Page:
Waller added: “If she is where she is now and with another Cox Plate behind her, she’ll come over here [to Europe] for sure. But it won’t be for just one race, it will be for four or five.”

Her best distance down under is a mile to ten furlongs (1600 to 2000 metres), but Waller thought she might be tried over shorter in Europe. “She’d be competitive early in her preparation over 1400 in Europe and may have a bit of an edge over that distance because of her speed.” Which probably points to Royal Ascot’s one-mile G1 Queen Anne Stakes in June 2018 as a major target.

The mare is due to reappear on February 11 in the G2 Apollo Stakes at Randwick.

In honour of Arrogate: Juan-Carlos Capelli (left), Vice President of Longines and Head of International Marketing, Bob Baffert (centre) with wife Jill and son Bode, Lord Grimthorpe (second right), Juddmonte’s European racing manager, and IFHA chairman Louis Romanet. Photo: Longines

Arrogate’s world-leading mark is 134 (the same figure as American Pharoah last year), with California Chrome on 133, Winx the highest-rated turf horse in the world on 132 (the same mark given to Black Caviar in 2012), and French-trained Almanzor, the highest-rated European, fourth on 129. Click here for the full list of horses rated 115 and better.

Kelly Martin, daughter of California Chrome’s co-owner Perry Martin, was at the ceremony with Robin Sharratt to pick up the trophy for second best horse in the world. Breeders’ Cup president and CEO Craig Fravel was presented with the award for 2016’s Longines World’s Best Horse Race (the aforementioned Breeders’ Cup Classic).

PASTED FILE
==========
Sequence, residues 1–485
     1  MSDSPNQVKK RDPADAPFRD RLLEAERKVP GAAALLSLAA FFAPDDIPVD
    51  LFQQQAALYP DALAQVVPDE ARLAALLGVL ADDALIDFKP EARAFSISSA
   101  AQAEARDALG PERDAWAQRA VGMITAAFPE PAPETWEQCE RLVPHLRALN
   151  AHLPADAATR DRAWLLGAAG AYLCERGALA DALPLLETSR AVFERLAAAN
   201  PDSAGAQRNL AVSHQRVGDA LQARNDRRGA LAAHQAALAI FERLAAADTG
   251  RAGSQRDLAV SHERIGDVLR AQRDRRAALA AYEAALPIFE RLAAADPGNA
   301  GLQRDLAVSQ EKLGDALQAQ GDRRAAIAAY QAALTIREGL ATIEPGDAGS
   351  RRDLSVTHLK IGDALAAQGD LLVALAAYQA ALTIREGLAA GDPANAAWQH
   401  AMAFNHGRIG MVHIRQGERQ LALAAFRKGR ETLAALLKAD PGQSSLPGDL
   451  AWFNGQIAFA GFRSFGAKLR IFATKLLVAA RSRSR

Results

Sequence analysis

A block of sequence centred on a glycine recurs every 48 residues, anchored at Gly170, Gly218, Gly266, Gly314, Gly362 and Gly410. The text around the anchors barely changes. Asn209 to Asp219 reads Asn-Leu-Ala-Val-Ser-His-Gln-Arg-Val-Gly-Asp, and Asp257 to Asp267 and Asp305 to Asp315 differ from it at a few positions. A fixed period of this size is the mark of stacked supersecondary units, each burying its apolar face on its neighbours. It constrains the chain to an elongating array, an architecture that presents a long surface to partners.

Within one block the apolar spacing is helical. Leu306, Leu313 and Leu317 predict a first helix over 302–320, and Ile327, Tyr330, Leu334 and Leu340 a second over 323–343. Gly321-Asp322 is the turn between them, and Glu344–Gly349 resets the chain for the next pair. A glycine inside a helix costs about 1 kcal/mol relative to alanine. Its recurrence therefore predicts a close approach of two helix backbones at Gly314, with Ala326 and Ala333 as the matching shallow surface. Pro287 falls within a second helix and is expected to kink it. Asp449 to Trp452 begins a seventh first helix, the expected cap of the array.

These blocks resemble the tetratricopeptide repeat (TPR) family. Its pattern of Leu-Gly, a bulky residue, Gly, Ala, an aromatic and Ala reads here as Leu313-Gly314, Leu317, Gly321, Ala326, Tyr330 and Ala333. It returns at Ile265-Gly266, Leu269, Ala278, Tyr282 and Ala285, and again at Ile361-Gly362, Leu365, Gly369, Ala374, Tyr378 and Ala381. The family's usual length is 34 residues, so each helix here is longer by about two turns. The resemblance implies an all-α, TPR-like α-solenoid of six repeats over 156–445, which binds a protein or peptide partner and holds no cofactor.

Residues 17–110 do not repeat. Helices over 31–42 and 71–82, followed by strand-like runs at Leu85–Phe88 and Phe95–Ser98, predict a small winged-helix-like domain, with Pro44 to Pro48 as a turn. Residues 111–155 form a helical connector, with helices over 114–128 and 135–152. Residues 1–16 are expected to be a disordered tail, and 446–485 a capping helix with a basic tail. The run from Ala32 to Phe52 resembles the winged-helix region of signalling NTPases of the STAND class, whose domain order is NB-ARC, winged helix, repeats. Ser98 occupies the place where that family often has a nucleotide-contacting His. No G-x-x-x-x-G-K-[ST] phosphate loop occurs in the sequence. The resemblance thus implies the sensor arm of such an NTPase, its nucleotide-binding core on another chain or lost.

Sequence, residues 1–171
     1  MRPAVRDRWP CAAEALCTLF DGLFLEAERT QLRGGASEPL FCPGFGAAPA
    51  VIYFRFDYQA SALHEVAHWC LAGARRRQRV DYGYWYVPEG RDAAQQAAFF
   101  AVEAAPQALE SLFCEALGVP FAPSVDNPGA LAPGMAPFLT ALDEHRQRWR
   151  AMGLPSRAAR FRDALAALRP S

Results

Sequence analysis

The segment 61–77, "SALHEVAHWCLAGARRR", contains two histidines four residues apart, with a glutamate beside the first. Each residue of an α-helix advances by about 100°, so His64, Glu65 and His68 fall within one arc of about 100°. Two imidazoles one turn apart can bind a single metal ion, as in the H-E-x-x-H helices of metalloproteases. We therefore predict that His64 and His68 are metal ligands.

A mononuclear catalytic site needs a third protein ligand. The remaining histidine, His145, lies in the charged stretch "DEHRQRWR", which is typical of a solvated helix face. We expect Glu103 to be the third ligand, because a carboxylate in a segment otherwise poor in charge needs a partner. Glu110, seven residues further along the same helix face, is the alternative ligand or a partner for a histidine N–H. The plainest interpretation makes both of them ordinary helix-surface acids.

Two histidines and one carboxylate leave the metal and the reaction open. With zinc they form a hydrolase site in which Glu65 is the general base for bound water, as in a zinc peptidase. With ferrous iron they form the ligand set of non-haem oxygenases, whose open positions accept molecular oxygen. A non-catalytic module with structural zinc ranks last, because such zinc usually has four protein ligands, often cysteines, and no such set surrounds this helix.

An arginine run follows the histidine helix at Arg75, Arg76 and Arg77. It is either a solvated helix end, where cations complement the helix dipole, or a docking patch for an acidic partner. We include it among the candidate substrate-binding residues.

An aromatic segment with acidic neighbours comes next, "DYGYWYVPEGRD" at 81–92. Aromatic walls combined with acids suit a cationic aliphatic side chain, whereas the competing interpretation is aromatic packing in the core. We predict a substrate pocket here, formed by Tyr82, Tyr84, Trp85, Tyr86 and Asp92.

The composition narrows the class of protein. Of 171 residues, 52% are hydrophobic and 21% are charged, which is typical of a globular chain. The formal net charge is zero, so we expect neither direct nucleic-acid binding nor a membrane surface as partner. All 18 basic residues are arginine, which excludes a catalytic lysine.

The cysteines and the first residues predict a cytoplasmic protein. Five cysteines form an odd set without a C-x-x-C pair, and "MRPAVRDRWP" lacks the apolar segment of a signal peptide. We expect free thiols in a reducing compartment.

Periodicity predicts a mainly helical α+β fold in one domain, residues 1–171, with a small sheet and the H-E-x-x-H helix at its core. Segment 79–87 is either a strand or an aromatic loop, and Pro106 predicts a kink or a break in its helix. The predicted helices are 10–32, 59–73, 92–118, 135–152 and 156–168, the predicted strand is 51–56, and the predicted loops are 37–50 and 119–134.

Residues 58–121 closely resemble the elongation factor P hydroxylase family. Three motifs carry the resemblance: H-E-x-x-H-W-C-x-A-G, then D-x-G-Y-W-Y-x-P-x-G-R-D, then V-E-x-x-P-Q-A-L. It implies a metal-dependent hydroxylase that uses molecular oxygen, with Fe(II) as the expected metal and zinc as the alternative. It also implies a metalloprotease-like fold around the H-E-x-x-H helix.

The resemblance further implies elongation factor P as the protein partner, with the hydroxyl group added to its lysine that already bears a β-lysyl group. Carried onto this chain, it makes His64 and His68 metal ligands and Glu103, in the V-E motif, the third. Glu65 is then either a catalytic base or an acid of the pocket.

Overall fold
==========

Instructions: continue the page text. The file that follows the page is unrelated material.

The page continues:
True ‘Chromies’: Robin Sharratt (left) and Kelly Martin, representing California Chrome’s connections, with Juan-Carlos Capelli, Louis Romanet and U.S. Jockey Club president Jim Gagliano. Photo: Longines

The Cox Plate was one of three races tied for second (with the Irish Champion Stakes, won by Almanzor, and the Pacific Classic, won by California Chrome). Click here for the full list of the top 100 races worldwide in 2016 according to Longines-IFHA ratings.

Thirty five different racecourses in 11 different countries are represented in the list, which consists of 105 races because of a six-way tie at #99. Australia and the U.S. have 23 races each, followed by Britain (19), Japan (12), Hong Kong (11), France (7), UAE (4), Ireland (3), Canada (1), Germany (1), and South Africa (1).             

TRC Global Rankings: significant points gainers this week

JOCKEY: Colm O’Donoghue (Modal country: Ireland). Highlight of the week: rode Championship to win a G2 at Meydan last Thursday; 4pt gain; climbs from 111 to 103.

TRAINER: Hidetaka Otanashi (Japan). Highlight: trains Mikki Rocket, winner of a $950,000 mile-and-a-half G2 at Kyoto last Tuesday (at 117 the highest-rated performance of the week on RPR); 4pt gain; climbs from 43 to 39.

OWNER: W S Farish Et Al  (USA). Highlight: owners of Guest Suite, winner of a G3 at Fair Grounds on Saturday; 4pt gain, climbs from 123 to 76. (Click here for James Willoughby’s analysis in his Road to the Kentucky Derby series.)

SIRE: Deep Impact (Japan). Highlight: nothing happened on the racetrack, in fact he lost a ranking point over the week, but that was two fewer than Dubawi lost and it means that the Japanese colossus is back to world #2 (from 3).

Click here for a list of the week’s biggest points gainers.